Mailbag: Newport Beach ought to snuff out smoking

Re. Editorial: Newport should ban smoking in parks, July 17: Newport Beach is to be commended for finally embracing what more than 1,500 other cities nationwide have already adopted in its recently proposed ordinance for broader smoking restrictions. It is time to protect public health and environmental quality of the city's greatest asset — its coastal, park and open areas.

Many of Newport's private commercial/retail and health-care establishments have already established practices for a smoke-free environment, as one can see in such high-profile locations as Newport Center and the Hoag Hospital campus.

There is a statewide established distance from public buildings. The U.S. surgeon general has established secondhand smoke as a carcinogen. In addition to the health threat, there are multiple nuisance impacts caused by regular concentrations of smokers, such as litter, fire hazards and group loitering.

The city need not embark on a "slippery slope" with a broader ordinance, as some suggest. The path is simple: Establish clear definitions in the ordinance, including sidewalks and streets adjoining beaches, parks and boardwalks (see Coastal Commission definition) and 25-foot distance from eating establishments. Define a clear enforcement roadmap, including progressive fines and abatement of uses where appropriate.

Commit to active, consistent enforcement of the ordinance. The community is behind its city leaders, other than scofflaws who resent being courteous and held accountable.

This is an environmental and economic win-win for our city, its residents, visitors and merchants.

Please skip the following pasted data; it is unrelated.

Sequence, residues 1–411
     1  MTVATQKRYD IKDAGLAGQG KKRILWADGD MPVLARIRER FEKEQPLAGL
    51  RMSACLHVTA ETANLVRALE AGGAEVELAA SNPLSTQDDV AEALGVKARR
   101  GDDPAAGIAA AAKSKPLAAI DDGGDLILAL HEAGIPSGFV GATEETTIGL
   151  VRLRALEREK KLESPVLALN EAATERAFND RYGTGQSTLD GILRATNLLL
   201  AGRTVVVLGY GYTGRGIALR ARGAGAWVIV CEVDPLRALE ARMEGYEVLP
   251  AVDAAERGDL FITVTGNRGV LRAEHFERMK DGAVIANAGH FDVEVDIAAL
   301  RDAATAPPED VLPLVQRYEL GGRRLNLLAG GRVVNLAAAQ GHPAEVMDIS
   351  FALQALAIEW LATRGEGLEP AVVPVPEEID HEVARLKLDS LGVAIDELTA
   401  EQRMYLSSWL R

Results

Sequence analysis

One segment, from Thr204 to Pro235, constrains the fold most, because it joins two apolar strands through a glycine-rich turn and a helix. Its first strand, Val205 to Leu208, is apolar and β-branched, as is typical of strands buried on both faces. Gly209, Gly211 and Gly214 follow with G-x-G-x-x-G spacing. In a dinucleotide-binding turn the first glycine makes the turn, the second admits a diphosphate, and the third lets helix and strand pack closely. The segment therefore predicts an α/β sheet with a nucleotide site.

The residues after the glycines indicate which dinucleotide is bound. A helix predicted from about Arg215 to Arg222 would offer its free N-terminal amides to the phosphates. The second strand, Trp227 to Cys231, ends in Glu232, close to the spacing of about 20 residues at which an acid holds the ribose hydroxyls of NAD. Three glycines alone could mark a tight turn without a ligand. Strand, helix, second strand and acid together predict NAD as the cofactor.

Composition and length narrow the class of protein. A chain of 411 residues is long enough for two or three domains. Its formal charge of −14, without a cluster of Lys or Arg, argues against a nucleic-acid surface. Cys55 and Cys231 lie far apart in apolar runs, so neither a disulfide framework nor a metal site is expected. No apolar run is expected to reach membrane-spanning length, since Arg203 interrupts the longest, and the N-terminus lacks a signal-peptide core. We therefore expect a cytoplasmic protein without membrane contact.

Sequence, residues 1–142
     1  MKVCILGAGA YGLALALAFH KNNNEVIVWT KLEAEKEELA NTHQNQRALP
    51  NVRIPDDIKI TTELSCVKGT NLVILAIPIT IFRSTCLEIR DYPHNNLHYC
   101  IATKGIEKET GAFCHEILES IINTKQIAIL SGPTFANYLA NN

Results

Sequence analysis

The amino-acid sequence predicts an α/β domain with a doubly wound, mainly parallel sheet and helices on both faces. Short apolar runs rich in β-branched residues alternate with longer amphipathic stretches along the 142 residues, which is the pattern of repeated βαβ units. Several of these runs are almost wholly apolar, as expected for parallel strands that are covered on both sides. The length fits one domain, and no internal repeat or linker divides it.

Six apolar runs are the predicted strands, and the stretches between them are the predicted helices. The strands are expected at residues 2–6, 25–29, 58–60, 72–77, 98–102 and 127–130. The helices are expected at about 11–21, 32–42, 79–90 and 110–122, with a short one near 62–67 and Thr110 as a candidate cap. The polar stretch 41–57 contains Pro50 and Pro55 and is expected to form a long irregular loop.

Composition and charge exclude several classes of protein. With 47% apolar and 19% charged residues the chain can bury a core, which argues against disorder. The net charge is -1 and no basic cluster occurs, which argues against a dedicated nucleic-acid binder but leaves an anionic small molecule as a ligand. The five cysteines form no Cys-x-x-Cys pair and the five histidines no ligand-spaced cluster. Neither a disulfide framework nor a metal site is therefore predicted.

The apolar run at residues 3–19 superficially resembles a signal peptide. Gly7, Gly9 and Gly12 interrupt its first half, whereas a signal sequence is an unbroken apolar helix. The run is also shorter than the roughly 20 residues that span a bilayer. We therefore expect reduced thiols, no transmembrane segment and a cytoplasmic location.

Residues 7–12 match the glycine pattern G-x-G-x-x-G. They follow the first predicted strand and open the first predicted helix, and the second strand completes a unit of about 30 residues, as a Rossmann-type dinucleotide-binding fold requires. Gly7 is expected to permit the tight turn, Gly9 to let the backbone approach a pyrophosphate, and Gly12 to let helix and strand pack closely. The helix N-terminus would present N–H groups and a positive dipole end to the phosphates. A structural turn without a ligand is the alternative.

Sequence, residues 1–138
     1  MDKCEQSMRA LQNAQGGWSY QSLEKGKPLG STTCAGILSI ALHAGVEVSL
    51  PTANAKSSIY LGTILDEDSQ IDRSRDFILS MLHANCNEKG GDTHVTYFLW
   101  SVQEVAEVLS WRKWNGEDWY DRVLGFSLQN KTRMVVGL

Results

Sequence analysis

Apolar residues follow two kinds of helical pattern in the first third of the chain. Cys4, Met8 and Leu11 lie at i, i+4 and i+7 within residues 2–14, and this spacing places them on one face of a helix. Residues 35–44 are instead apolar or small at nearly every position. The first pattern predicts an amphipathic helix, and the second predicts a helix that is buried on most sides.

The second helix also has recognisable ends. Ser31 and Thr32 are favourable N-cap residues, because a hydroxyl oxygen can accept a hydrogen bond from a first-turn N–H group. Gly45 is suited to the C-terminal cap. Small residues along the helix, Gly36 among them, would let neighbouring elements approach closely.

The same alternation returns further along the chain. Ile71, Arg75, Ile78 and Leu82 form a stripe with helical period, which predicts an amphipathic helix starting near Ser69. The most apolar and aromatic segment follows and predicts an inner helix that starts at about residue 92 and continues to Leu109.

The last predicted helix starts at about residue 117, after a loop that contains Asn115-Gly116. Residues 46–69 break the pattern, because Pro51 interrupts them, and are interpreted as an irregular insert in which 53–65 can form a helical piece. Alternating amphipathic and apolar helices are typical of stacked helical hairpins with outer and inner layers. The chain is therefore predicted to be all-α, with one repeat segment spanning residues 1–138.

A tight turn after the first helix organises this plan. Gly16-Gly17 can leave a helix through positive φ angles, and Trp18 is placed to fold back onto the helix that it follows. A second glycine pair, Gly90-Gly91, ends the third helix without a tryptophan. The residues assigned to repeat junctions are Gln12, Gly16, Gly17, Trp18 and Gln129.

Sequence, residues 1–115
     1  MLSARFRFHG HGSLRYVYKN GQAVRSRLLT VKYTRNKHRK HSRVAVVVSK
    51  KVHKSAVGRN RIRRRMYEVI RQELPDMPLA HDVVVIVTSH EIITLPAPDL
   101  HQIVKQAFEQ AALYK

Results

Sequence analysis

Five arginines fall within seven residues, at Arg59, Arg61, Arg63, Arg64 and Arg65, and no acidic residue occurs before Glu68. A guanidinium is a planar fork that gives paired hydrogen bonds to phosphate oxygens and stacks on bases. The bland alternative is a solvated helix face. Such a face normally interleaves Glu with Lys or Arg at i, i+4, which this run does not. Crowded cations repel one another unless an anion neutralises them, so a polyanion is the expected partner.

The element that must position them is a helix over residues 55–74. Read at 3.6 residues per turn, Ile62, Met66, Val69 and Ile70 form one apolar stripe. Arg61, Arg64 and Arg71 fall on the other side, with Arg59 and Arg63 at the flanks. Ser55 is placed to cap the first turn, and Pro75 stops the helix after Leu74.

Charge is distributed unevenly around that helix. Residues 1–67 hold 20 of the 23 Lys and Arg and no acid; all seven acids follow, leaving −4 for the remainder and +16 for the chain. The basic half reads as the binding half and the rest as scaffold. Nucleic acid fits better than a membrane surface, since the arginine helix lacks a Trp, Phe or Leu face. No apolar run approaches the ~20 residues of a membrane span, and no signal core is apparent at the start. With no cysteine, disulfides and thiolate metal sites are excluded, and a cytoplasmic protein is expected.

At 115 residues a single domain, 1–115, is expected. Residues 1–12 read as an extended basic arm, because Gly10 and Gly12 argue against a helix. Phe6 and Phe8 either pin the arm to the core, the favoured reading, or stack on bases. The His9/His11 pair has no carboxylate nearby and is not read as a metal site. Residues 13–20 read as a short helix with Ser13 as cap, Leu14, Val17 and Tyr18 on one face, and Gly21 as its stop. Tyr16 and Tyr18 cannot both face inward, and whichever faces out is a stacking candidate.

Denys H. Oberman

Newport Beach


Skateboarding remains a danger

At 10:30 a.m. July 5, I almost killed four young boys who were skateboarding against a red light going north on South Coast Highway.

I wonder if their parents had any idea of the danger the boys had put themselves in, or how easy it would be for a motorist turning left onto South Coast Highway from Bluebird Canyon (with the green light) to hit them as they appeared "out of nowhere" with no apparent concern for the traffic signal, or the oncoming cars.

It was apparent to me that they had no idea of the danger they were in, most likely believing, as many young boys do, that they were invulnerable.

Since I know they are vulnerable, the incident left me trembling and acutely aware of how easily a young life could have been snuffed out.

Parents, please do something to save your kid's life from being ended in this terrible way.

Mona Roberts

Laguna Beach

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